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Healthy Living Blog

Information and inspiration to help you make a habit out of living healthy.

Ask the RDs: What oil should I cook with?

Thursday, November 30, 2017

By , YMCA Registered Dietitian Nutritionist

Follow the fads too much and you’ll end up with a lot of mixed messages when it comes to health and nutrition. Many of my clients are especially confused when it comes to fats and oils. So, I’m here to help break it down for you in this month’s “Ask the RDs.”

Fat is essential for your body’s overall health. In her article "How Fats Fit into a Healthy Diet," Jen discussed how dietary fat provides energy, supports cell growth, and allows the body to absorb fat-soluble vitamins.

But not all fats are created equal! Take a trip down the oil aisle at your grocery store, and you’ll see a wide assortment lining the shelves. So, how do you choose?!

Select by the smoke point

The most important thing to consider in choosing cooking oils is the smoke point. The smoke point is the temperature at which an oil begins to smoke and break down. It loses some of its nutritional value and has the potential to bring a bitter flavor to your food.

Some oils, such as vegetable, peanut, and sesame, have a high smoke point and are great for pan frying or stir-frying dishes. Oils such as flaxseed and walnut have a low smoke point and should only be used for things like salad dressing and dips.

Let’s look at 6 common oils you’ll see at the grocery store and find ways to add them to your cooking routine. [SLIDESHOW]

  • 1. Canola Oil

    What is it? This oil is extracted from the canola plant. A good source of monounsaturated and polyunsaturated fat, it also has omega-3s.

    How do you use it? Due to its neutral flavor, canola oil is extremely versatile in cooking. Use it to coat your pots and pans when cooking. It’s great for grilling too!

    Smoke point: Medium-high

    Quick tip! Looking to “lighten up” your baked goods? You can substitute canola oil for butter by using 3/4 cup canola oil for every cup of butter used!

    Try this recipe: Toasted Coconut Almond Granola from Canola Info

  • 2. Olive Oil

    What is it? This oil is high in monounsaturated fat, which has been shown to decrease “bad” cholesterol (LDL) and increase “good” cholesterol (HDL) to lower your risk of heart disease.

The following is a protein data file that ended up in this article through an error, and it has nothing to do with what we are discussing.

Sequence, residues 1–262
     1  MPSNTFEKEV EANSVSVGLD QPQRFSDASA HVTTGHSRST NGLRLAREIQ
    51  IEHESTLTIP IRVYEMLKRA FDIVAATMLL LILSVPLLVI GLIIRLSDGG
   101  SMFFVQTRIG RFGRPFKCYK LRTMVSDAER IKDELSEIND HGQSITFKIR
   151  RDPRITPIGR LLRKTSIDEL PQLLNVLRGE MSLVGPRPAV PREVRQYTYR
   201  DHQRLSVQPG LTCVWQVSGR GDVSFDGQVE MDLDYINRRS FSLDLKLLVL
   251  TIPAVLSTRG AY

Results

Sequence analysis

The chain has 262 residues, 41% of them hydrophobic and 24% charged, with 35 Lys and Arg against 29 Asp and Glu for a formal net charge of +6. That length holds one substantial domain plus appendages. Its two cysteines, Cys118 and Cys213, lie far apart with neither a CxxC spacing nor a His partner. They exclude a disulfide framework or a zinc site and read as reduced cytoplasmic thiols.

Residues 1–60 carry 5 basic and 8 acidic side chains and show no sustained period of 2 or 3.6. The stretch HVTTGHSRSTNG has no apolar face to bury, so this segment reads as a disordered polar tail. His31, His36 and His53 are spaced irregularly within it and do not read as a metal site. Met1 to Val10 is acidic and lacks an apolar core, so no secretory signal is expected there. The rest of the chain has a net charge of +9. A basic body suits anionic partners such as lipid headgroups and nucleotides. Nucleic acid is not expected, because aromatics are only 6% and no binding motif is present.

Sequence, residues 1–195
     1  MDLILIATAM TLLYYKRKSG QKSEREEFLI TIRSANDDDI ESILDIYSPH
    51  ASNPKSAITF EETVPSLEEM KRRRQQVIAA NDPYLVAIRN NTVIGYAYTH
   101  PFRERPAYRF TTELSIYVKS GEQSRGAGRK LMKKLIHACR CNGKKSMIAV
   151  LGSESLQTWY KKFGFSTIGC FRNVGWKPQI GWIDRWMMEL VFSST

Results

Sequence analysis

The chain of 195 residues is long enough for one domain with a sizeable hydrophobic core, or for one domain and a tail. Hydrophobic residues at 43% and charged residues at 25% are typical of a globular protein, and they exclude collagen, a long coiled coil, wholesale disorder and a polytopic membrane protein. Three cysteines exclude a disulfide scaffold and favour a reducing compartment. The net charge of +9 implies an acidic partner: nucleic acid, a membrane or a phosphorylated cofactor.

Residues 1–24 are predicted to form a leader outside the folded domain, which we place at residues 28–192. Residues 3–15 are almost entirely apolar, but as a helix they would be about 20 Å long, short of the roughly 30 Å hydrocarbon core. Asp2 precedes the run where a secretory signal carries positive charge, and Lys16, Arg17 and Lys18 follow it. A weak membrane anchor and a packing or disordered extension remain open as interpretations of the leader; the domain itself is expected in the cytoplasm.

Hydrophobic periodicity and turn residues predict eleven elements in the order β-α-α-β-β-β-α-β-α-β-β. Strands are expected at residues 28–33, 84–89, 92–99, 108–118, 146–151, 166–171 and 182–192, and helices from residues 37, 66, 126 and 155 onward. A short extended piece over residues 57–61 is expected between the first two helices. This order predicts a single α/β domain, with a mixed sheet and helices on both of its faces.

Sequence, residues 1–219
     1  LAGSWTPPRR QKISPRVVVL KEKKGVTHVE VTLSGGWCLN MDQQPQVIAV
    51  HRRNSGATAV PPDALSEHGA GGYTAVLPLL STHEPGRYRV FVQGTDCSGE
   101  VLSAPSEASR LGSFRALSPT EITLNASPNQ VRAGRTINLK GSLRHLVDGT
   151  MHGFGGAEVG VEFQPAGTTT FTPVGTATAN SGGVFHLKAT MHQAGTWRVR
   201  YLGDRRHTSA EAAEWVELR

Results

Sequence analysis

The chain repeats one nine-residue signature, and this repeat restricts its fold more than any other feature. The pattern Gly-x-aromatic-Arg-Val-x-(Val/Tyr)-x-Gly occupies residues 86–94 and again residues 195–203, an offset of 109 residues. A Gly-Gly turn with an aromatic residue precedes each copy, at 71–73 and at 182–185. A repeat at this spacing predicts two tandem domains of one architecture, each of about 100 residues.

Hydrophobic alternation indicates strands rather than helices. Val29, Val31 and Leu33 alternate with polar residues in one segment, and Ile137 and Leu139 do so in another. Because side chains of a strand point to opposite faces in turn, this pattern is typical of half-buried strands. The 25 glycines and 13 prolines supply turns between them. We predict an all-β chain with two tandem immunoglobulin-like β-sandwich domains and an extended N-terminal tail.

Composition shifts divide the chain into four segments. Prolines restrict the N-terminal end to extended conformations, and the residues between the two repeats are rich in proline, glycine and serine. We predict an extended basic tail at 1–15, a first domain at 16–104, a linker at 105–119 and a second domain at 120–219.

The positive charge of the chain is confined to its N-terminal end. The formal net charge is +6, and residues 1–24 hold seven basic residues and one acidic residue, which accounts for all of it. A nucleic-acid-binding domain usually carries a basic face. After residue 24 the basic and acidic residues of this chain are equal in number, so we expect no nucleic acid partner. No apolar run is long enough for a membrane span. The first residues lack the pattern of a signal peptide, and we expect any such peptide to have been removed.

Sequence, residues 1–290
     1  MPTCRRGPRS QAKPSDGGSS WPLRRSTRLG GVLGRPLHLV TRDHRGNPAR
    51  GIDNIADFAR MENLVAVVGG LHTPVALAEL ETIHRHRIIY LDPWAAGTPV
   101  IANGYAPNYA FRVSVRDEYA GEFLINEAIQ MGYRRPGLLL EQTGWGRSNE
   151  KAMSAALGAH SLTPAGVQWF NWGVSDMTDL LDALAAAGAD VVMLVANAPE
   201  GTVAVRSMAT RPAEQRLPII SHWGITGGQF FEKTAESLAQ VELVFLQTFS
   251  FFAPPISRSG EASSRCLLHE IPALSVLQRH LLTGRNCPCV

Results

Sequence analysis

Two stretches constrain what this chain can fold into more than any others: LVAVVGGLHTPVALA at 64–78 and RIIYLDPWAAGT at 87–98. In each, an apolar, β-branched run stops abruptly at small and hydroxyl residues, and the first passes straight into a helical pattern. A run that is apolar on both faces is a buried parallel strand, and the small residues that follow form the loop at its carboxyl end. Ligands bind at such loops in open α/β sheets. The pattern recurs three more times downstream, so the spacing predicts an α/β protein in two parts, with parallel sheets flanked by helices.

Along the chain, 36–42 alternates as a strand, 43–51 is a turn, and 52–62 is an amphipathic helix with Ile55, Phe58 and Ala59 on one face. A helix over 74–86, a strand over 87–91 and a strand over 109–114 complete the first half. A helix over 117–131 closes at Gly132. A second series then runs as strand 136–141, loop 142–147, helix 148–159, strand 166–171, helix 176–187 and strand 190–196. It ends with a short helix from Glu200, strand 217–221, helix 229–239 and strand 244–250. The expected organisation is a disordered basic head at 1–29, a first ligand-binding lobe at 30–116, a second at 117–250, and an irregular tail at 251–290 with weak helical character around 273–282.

How do you use it? Extra virgin olive oil has a fruity, tangy, and bold flavor. “Pure” or “virgin” olive oil is lighter in color and has a milder flavor that makes it more diverse in cooking. Use olive oil for marinades, salad dressings, drizzling over dishes, and sautéing. It's also a healthy dip for bread!

    Smoke point: Medium-high to high

    Quick tip! The term “cold pressed” on bottles of extra virgin olive oil indicates that no heat was used to extract the oil from the olives. Without heat, the oil is able to retain more of its nutritional value as well as its full flavors and aroma.

    Try this recipe: Fall Harvest Quinoa Salad from Healthy Nibbles and Bits

  • 3. Sesame Oil

    What is it? This oil is commonly used in Asian cuisines. It contains both polyunsaturated and monounsaturated acids, including linoleic acid. Linoleic acid is a type of omega-6 fatty acid that reduces LDL cholesterol leading to a happier, healthier heart.

    How do you use it? Dark or toasted sesame oil has an intense, nutty flavor and is best used as a condiment, added to food just before serving. Light sesame oil, also nutty in flavor, is best used in salad dressings, marinades, or for cooking meats and vegetables.

    Smoke point: Medium

    Quick tip! Sesame oil is best when kept refrigerated to prevent rancidity.

    Try this recipe: Sesame-Ginger Marinated Vegetables from EatingWell

  • 4. Flaxseed Oil

    What is it? This oil contains both omega-3 and omega-6 fatty acids, which packs a lot of punch for heart health!

    How do you use it? Due to its low smoke point, flaxseed oil is not recommended for use in cooking. Instead, drizzle over your vegetables or mix in a salad dressing for optimal flavor.

    Smoke point: Low

    Quick tip! Flaxseed oil is best when kept refrigerated to prevent rancidity.

    Try this recipe: Flaxseed Oil Dressing with Herbs from Whole Foods Market

  • 5. Grapeseed Oil

    What is it? This oil is made from grape seeds, a byproduct from wine making, and is full of polyunsaturated fats, which lower total cholesterol and LDL (“bad”) cholesterol.

    How do you use it? Grapeseed oil has a mild flavor which makes it all-purpose! Its ability to reach moderately-high temperatures makes it perfect for use in sautéing vegetables and pan-frying.

    Smoke point: Medium-high

    Quick tip! Grapeseed oil is best when kept refrigerated to prevent rancidity.

    Try this recipe: Roasted Stuffed Pumpkin with Spiced Pumpkin Seeds from EatingWell

  • 6. Walnut Oil

    What is it? This oil is made from dried and cold-pressed nuts. It’s a great source of polyunsaturated fat and alpha-linolenic acid. Alpha-linolenic acid is a precursor to omega-3 fatty acids, which boost heart health.

    How do you use it? The rich, nutty flavor of this oil makes it perfect for salad dressings or drizzling over any dish.

    Smoke point: Low

    Quick tip! Walnut oil is best when kept refrigerated to prevent rancidity.

    Try this recipe: Walnut Balsamic Vinaigrette from Healthy Seasonal Recipes


Hungry for more?

Check out how to eat a healthier meat and three. Plus, get to know our Registered Dietitian Nutritionists and learn more about our nutrition counseling services. Let us partner with you to reach your healthy living goals!

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